application of insecticide (Berzosa et al., 2002). In 2001
antimalaria efforts in Malabo increased, with frequent and
intense application of pyrethroid aerosols from trucks and
by hand (A. Spielman, personal communication, May 11,
2005). By 2002, when our samples were collected, the
frequency of the kdr gene within the M form population
around Malabo was 55.8%, a staggering increase. Other
studies have shown a strong increase in the frequency of
the kdr gene immediately following the implementation
of an impregnated bed net program (Ranson et al., 2000a;
Stump et al., 2004), although these increases were not as
dramatic as we report here. The unusual distribution of the
kdr mutation in the M form may have arisen independently
and recently on the island of Bioko in response to this
intensive series of pyrethroid applications. Although the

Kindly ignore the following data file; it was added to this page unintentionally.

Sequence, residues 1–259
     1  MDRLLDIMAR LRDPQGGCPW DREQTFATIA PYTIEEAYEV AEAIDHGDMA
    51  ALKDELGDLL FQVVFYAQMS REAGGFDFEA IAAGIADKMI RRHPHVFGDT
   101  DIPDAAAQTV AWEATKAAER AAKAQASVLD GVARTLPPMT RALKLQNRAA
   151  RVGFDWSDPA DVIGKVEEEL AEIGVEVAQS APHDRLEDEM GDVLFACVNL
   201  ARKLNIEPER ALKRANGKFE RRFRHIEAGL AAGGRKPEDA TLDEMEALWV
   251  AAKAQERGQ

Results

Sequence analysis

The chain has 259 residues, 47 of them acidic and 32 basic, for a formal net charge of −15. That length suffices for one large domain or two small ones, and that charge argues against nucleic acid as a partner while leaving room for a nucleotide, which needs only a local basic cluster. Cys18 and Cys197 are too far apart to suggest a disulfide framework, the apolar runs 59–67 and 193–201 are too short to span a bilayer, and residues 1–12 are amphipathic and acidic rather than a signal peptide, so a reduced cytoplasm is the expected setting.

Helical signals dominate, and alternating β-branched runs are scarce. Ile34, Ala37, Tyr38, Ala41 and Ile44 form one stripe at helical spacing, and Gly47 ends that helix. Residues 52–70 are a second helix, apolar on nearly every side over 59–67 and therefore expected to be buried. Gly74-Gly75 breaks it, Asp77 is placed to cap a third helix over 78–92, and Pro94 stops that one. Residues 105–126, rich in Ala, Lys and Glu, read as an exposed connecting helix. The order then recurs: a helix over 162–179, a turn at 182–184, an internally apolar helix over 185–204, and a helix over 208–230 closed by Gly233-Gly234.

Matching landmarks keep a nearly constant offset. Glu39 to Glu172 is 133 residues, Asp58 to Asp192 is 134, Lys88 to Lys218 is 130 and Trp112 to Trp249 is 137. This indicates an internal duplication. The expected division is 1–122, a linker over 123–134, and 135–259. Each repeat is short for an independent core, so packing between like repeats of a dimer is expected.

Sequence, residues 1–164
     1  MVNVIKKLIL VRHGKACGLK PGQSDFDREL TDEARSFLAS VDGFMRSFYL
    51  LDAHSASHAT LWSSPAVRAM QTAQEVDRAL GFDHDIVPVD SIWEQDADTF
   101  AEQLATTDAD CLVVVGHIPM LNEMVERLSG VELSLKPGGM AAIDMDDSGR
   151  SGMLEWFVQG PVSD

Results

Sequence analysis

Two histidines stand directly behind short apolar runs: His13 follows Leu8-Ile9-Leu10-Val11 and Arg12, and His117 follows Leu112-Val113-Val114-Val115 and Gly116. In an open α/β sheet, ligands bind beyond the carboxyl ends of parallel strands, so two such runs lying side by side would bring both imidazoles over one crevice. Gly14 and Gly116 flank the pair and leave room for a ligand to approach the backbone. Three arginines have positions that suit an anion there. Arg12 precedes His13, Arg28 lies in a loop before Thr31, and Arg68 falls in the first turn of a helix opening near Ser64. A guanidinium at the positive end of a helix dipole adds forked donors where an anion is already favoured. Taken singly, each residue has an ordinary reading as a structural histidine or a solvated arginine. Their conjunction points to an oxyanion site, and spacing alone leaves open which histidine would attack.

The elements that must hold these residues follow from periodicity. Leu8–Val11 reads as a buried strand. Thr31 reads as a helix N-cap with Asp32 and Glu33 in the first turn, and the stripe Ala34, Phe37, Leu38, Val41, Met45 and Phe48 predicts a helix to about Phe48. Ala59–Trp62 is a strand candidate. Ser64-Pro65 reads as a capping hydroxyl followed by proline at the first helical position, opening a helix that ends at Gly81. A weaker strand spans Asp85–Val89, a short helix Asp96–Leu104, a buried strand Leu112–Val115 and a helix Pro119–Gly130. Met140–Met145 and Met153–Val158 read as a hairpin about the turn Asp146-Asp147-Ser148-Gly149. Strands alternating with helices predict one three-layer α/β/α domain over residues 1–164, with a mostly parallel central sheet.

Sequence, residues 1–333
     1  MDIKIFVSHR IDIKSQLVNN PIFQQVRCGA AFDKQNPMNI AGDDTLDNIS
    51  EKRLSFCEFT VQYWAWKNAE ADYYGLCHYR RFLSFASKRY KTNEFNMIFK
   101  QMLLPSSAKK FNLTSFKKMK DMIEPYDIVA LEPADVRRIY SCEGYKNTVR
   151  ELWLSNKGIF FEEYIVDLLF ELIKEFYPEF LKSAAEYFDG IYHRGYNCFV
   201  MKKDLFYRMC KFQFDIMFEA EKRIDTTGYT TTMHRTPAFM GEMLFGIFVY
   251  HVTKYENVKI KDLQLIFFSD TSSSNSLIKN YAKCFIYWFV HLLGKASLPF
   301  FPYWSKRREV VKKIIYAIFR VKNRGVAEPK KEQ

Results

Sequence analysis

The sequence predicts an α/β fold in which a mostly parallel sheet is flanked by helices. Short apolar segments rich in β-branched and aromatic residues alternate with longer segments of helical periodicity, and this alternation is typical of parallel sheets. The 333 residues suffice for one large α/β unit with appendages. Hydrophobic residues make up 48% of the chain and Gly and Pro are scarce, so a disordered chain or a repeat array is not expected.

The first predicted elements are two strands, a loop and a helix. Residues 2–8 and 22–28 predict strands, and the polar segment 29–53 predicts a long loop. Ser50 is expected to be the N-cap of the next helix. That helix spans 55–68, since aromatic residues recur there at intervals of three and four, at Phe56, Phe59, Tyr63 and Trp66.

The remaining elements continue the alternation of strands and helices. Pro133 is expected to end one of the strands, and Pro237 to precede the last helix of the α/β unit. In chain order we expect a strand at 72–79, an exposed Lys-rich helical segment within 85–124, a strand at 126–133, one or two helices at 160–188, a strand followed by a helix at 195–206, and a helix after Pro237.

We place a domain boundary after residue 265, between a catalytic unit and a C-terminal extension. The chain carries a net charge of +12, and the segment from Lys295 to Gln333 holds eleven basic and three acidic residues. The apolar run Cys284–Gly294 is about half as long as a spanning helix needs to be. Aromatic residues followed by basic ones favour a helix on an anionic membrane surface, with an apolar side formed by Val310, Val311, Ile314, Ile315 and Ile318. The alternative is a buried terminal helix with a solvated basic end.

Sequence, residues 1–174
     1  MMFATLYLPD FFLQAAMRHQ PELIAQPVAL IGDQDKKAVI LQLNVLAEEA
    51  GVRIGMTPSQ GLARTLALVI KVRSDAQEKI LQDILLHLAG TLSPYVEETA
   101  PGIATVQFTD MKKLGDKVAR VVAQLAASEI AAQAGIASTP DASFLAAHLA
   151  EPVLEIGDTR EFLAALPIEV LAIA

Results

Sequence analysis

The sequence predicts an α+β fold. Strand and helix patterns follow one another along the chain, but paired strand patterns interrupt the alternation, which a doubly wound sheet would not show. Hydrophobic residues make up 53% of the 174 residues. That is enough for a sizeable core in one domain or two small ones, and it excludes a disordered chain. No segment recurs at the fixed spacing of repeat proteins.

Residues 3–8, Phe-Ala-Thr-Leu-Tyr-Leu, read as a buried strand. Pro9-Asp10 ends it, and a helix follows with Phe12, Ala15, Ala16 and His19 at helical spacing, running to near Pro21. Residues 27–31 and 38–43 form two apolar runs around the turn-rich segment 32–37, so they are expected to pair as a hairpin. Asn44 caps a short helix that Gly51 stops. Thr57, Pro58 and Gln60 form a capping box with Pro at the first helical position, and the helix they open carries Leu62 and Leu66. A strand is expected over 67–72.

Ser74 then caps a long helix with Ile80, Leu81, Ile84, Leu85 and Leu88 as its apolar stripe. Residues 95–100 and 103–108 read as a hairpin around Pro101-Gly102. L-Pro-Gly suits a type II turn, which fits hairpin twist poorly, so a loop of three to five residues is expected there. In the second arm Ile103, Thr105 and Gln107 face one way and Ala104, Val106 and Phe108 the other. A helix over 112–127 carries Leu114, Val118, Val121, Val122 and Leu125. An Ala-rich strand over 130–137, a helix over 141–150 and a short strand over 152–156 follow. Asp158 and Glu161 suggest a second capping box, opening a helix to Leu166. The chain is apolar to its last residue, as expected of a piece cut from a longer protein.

individual and community protection offered by treated bed
nets continue to have a powerful impact on malaria trans-
mission (Curtis et al., 2003), the potential of wide spread
pyrethroid resistance in An. gambiae could be disastrous to
Mosquitoes for the kdr analyses were collected from two locations:
from urban and peri-urban settings in the city of Malabo, Bioko
Island, Equatorial Guinea (3°45′N, 8°47′E) and from the rural
areas surrounding the harbour town of Tiko, Cameroon (4°04′N,
9°22′E). Collections were also made from the villages of Malan-
touen (5°44′N, 12°00′E) and Mutanguene (4°50′N, 9°17′E) in
Cameroon for estimates of gene flow based on microsatellite allele
frequencies. In Bioko, adult female mosquitoes were collected by